This is where your child’s creative juices can flow!  Creative homework is an opportunity for your child to choose whatever they want to demonstrate some learning.  For example, the Y3 and Y4 homework this week is Creative: I can show what I know about food chains.  Your child could present all their learning in so many different ways, from a diagram with notes to a story or comic strip. Parents’ and carers’ role is to support, encourage, help but (obviously)
never to take over and do the homework! 

Teachers always look forward to seeing how creative children can be.  If you notice the work has not been marked, please don’t worry.  Teachers will have looked at and celebrated the homework in another way – the work might have been viewed by the whole class using a visualiser which allows the work to be projected to the whole class and a discussion of ‘stars and steps’ will happen.  Peer assessment is also effective – children are very able to share what’s good and what needs improving!  These sorts of verbal feedback strategies are often more effective than a written comment because it’s more instant and it makes sure the child understands (and their work is praised publicly!).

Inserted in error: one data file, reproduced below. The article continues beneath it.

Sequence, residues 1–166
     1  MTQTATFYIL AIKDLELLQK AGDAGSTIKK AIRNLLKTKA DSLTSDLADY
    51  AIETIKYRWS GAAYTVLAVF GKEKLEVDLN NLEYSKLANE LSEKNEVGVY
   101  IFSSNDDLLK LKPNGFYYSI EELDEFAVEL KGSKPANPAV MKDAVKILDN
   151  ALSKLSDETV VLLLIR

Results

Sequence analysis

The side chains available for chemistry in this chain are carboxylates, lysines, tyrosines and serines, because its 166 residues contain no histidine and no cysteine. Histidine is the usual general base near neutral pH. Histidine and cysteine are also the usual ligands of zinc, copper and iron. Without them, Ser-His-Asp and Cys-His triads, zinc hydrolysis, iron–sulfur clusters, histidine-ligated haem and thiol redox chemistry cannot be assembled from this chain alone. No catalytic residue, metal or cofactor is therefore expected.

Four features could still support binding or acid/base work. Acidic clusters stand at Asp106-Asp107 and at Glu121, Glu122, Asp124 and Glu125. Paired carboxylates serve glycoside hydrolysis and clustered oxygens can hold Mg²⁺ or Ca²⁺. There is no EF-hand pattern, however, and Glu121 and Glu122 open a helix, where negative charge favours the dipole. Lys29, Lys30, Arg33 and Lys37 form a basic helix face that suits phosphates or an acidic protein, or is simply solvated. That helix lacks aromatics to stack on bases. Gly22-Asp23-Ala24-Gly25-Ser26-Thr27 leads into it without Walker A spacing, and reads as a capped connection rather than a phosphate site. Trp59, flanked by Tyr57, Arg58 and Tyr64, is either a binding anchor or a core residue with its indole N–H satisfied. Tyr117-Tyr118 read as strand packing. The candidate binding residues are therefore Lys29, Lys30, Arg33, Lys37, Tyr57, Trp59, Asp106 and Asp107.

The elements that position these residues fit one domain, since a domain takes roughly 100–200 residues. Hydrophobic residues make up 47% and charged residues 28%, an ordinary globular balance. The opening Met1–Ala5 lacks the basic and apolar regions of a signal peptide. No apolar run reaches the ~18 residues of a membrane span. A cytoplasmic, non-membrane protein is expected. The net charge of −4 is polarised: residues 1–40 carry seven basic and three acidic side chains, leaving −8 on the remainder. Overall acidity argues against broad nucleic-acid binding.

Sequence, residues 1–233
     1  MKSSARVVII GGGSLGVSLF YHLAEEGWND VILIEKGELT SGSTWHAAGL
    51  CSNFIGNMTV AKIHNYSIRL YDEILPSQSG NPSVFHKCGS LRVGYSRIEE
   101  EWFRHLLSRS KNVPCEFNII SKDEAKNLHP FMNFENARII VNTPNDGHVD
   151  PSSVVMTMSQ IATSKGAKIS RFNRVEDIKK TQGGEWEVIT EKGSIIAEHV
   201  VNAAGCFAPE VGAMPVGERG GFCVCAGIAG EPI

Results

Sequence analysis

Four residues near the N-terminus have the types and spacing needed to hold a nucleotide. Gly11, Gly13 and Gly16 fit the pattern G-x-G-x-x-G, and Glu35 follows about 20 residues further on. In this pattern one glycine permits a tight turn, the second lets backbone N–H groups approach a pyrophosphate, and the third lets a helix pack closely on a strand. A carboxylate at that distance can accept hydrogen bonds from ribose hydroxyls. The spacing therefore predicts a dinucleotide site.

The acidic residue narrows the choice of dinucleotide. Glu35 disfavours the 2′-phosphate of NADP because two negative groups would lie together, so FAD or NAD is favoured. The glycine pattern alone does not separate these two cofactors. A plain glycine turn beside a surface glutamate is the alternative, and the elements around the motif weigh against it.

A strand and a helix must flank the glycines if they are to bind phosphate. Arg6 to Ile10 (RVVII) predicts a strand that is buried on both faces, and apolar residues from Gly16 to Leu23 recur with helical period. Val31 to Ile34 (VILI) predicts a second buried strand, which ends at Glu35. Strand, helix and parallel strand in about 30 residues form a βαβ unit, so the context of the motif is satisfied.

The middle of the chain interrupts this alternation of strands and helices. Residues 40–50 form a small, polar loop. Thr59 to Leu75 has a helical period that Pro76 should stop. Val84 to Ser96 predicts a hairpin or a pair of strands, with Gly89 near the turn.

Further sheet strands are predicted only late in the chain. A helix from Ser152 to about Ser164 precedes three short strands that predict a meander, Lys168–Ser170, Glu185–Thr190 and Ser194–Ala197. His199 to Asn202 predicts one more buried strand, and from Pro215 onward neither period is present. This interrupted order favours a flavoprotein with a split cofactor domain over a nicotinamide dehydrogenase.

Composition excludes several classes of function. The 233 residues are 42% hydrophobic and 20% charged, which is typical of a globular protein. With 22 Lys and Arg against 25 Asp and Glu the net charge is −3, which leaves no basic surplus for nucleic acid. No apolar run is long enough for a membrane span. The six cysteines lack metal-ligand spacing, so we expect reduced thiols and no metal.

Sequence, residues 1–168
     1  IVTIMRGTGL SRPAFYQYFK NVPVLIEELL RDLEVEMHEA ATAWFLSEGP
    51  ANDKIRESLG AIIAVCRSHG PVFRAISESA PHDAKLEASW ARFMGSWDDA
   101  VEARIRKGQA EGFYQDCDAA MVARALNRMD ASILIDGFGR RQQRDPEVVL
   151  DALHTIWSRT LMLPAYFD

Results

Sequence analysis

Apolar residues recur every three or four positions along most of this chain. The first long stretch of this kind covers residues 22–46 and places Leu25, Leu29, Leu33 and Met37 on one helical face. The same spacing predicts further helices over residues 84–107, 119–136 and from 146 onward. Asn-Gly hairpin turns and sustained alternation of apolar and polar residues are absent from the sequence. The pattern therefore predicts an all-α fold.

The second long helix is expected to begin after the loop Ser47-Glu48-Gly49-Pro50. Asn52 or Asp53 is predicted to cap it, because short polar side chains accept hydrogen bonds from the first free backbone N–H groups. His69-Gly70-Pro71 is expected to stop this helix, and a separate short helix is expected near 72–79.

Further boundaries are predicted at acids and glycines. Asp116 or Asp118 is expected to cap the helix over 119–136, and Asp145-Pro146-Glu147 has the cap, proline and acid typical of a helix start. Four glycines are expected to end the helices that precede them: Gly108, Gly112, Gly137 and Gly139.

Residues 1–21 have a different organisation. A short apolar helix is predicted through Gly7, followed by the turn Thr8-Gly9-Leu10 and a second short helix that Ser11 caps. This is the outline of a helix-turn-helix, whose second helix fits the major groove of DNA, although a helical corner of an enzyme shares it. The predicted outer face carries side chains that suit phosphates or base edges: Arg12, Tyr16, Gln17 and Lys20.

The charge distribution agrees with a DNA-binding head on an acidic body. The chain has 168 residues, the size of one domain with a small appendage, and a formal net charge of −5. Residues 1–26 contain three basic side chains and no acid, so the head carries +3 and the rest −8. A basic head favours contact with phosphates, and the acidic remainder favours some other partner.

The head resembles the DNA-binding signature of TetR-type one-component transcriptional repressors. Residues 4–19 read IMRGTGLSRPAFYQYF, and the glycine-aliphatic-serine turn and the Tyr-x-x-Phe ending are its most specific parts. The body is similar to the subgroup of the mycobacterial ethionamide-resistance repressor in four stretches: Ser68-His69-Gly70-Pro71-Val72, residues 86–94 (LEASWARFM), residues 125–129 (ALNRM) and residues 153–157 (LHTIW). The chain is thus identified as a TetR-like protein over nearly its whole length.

06 September 2013

Posted on Friday 06 September 2013 by Mr Wilks

The home work this week is Talk Time and is due in on Wednesday 11 September.

I can talk about what I’m going to do at home and at school to make sure I have a successful year.

Below are the guidance notes taken from the school’s Homework Policy for Talk Time homework:

Talk Time